Following our NHS investigations, David Aaronovitch in an opinion piece in The Times a couple of weeks ago attacked our recommendation that NHS volunteers should be DBS checked. Too bureaucratic and too off-putting by half etc. Like many people, Aaronovitch probably assumes that volunteers fit the well-established stereotype of one or two well-meaning people manning the tea bar for a couple of hours a week.
However, in some trusts volunteering has undergone a transformation in the last three or four years. One London teaching hospital now has 1,750 active volunteers, the vast majority of whom are students aged between 16 and 21. Seventy percent of those volunteers befriend patients or provide some other much needed service to them. Put bluntly, volunteers are on the front line and up close and personal to patients. They are supervised but no one would suggest that this can be all the time.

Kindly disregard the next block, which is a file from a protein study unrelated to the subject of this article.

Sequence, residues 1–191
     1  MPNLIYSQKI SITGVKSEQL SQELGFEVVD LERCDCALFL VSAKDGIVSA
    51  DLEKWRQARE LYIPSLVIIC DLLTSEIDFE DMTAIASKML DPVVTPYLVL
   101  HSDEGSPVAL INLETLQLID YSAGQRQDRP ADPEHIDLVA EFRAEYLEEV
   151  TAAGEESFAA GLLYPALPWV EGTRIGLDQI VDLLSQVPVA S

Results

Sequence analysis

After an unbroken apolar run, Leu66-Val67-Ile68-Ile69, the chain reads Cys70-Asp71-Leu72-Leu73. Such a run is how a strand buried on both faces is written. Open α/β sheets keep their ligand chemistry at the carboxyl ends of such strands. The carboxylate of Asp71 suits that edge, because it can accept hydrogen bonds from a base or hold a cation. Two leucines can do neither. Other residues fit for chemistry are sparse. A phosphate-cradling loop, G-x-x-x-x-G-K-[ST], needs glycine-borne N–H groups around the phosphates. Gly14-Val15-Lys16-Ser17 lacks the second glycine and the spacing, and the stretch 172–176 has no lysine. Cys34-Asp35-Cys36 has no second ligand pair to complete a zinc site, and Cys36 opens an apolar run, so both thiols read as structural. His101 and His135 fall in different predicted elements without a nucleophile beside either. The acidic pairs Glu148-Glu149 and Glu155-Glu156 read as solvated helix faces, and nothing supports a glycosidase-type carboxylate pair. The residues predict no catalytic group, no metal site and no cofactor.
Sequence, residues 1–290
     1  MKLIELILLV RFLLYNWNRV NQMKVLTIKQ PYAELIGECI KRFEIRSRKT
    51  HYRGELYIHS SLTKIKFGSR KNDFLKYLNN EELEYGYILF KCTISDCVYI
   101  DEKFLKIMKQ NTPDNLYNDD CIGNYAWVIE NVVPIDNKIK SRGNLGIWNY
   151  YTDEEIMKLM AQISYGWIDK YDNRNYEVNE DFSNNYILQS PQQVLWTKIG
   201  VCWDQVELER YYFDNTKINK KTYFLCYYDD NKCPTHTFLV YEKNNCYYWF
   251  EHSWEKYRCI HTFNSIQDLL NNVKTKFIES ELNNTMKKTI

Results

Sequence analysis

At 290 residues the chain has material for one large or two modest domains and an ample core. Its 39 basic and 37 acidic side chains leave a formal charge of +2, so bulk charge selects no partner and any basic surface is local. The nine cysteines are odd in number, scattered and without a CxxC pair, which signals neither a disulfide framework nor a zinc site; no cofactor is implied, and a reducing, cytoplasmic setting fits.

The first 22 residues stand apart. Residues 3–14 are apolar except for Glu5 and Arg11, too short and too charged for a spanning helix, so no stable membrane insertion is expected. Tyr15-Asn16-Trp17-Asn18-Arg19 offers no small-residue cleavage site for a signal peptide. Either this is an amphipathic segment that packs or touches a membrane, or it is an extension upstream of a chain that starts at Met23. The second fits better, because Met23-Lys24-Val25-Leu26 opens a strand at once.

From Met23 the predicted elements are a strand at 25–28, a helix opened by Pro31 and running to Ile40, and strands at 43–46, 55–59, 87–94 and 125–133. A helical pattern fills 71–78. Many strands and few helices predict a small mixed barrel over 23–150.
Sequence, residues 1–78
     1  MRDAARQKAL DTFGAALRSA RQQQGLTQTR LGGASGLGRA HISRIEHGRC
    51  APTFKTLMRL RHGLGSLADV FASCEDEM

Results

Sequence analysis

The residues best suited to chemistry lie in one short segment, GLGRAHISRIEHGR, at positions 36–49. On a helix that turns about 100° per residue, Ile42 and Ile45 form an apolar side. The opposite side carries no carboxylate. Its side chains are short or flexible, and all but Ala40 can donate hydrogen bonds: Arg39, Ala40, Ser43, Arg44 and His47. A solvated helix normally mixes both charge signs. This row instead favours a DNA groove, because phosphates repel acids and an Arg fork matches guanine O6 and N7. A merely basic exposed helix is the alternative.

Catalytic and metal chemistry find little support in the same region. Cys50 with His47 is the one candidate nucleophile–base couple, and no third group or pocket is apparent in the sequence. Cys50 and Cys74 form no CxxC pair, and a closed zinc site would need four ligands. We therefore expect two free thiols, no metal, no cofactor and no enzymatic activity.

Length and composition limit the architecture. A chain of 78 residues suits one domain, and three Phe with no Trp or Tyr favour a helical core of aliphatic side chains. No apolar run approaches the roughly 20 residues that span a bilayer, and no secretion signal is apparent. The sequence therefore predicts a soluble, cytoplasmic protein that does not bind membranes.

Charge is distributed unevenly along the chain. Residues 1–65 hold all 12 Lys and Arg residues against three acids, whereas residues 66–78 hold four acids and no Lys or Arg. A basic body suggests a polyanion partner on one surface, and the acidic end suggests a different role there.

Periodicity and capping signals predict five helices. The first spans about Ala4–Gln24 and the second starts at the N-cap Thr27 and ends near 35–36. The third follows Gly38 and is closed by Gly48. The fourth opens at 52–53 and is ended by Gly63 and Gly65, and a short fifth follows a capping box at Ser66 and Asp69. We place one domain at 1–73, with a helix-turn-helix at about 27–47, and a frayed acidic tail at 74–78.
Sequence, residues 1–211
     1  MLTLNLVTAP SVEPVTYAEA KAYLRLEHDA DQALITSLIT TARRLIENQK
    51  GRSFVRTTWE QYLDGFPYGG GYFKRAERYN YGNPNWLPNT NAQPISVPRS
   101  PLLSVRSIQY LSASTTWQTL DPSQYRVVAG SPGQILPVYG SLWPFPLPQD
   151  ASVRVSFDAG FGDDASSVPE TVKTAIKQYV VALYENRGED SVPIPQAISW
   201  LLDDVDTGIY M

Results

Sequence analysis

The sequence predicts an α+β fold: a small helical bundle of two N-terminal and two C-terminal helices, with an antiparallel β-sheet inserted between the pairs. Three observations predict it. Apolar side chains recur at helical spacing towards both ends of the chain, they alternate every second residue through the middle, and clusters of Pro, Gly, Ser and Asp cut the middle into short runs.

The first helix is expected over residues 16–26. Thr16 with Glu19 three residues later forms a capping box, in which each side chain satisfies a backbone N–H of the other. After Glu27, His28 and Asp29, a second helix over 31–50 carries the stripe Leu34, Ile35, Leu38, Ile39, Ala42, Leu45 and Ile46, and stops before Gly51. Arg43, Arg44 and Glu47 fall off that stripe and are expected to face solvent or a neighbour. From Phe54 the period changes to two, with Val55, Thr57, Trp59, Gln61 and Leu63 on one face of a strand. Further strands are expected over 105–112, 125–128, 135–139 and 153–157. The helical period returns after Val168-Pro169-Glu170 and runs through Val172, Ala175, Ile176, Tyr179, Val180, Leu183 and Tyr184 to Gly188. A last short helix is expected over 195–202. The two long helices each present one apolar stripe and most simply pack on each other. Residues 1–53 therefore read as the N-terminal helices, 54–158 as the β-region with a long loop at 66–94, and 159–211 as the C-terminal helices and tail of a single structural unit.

In this particular trust, volunteers improve the experience of patients enormously. They are selected, inducted and managed with great care and attention. They are also DBS checked through an online process that is free other than for a small administrative fee. Interestingly, the trust added 250 volunteers to its numbers during the course of our work. The trust’s experience seems to be that checking on volunteers doesn’t stop them offering their services, far from it in fact.